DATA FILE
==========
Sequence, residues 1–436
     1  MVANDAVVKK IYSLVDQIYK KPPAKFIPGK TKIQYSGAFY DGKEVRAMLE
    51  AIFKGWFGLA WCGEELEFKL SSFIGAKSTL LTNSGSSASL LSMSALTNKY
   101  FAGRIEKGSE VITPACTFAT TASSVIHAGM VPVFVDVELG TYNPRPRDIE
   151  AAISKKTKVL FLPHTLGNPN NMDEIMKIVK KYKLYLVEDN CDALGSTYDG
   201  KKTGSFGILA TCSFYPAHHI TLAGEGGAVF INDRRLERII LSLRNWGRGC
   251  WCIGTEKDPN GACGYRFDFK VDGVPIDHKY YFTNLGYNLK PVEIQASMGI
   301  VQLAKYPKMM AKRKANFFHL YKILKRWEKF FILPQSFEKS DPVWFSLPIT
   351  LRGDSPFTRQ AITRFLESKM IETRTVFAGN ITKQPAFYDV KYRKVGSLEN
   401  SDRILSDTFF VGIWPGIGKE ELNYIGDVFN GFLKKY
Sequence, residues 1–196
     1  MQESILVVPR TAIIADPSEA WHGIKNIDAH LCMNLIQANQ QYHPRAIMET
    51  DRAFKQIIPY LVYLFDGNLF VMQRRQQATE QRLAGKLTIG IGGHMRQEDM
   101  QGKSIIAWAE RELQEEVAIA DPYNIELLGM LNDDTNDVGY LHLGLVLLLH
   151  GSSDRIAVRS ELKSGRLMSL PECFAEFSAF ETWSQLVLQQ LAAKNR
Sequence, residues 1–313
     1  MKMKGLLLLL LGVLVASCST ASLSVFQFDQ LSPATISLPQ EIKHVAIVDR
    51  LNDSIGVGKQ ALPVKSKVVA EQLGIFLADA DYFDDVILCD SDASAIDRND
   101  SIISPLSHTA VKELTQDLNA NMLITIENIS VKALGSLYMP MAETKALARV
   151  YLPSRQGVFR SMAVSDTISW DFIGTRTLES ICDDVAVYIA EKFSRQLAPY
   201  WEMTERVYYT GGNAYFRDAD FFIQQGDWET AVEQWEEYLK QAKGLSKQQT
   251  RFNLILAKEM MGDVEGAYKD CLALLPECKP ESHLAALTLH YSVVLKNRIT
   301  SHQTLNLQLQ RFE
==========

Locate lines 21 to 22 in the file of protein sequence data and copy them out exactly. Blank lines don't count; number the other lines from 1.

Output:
   201  WEMTERVYYT GGNAYFRDAD FFIQQGDWET AVEQWEEYLK QAKGLSKQQT
   251  RFNLILAKEM MGDVEGAYKD CLALLPECKP ESHLAALTLH YSVVLKNRIT